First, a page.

After reading this article we will learn about Inter-Company Transactions and Statutory Cost Audit.
The expression denotes transactions taking place between two or more companies, whether they are related to each other or not, for a variety of considerations of personal and impersonal nature. These transactions between the companies are a normal feature of trade, commerce and industry.
Inter-company transactions may be classified into two categories:
1. Transactions arising out of related party relationships (i.e. related party transaction), and
2. Transactions taking place among parties who are unrelated to each other (i.e. unrelated party transaction).
In Related Party Transactions, the characteristics of control or significant influence by one party over the other party in making financial and/or operational policy decisions are present and the different parts of activities are operated upon by contracts entered into and by agreements or understanding reached between the related parties. The activities operate through intermediaries or subsidiaries or associated companies or holding companies, and the enterprises acquire interests in other enterprises.
In Unrelated Party Transactions, the characteristics of control and significant influence are not present. The transactions, here, take place in the ordinary course of normal business dealings by virtue only of those dealings through a single customer, supplier, distributor or general agent.
In these cases, an enterprise transacts a volume of business, significant or not, merely on the ground of the resulting economic dependence.
The first category of Inter-company dealings i.e. Related Party Transactions require separate disclosure in the Financial Statements as well as in the Cost Accounting Records.
The International Accounting Standard Committee also has issued a directive that the companies should disclose the nature of the related party relationships as well as the types of transactions and the elements of the transactions necessary for an understanding of the financial statements and that of the effects of related party transactions on the financial statements.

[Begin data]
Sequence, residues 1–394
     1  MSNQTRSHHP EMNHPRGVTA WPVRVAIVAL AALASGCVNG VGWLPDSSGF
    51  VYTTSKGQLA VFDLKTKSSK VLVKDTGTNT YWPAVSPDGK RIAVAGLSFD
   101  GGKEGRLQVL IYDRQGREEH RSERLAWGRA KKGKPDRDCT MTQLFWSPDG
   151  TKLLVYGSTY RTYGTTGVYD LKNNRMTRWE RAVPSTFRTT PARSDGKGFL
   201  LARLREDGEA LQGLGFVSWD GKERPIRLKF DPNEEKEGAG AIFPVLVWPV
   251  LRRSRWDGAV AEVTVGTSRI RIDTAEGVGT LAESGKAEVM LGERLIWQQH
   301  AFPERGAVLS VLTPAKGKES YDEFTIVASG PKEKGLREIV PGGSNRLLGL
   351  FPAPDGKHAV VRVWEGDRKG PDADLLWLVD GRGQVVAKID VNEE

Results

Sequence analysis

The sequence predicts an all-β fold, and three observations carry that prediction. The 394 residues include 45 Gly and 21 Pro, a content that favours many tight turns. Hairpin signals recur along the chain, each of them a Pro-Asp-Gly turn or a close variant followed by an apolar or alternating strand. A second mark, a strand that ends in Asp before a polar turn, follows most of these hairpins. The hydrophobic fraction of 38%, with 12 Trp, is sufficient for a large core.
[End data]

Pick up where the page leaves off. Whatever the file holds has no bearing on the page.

Provisions in the Cost Accounting Record Rules:
The Cost Accounting Records Rules provide that in respect of the supplies made or services rendered by the company to its holding company or a subsidiary or a company in the same group as defined in Section 370(IB) of Companies Act or a company in which a Director of the company is also a Director in such holding or subsidiary or associate companies and vice versa, the company should maintain adequate records showing the contracts entered into, agreements or understanding reached, with respect to:
(i) Purchase and sale of raw materials and process materials, components, finished products, by-products, rejected goods including scrap and fixed assets:
(ii) Utilisation of plant facilities;
(iii) Supply of utilities; and
(iv) Administrative, technical, managerial, and any other consultancy services.
These records should be maintained in such a way that they indicate the basis followed for arriving at the rates charged between them so as to enable the determination of the reasonableness of the rates charged or paid for such services.
The fundamental objectives behind such provision in the Cost Accounting Records Rules are:
i. To make the management responsible for the identification and disclosure of related parties (i.e. companies) and transactions with such parties;
ii. To alert the Cost Auditor with a view to recognising these transactions on related party relationships and enabling him the determination of the reasonableness of the rates charged or paid for those dealings and obtaining sufficient ‘appropriate audit evidence’ so as to draw reasonable conclusions concerning the treatment of such disclosures in the cost and financial statements;
iii. To determine whether adequate procedures and controls exist over the authorisation and recording of these transactions;
iv. To ascertain whether such transactions are motivated by unusual considerations other than ordinary business considerations, such as fraud or malpractices; and
v. To bring to light those transactions which appear unusual or irregular in the circumstances, such as:
a. Transactions having abnormal terms of trade e.g. unusual prices or rates, interest rates, guarantees and repayment terms,
b. Transactions which appear to lack a logical reason for their occurrence,
c. Transactions in which substance differs from the form and contents of the contracts and agreements,
d. Transactions processed in a way that appear to be abnormal as compared with similar transactions with unrelated companies,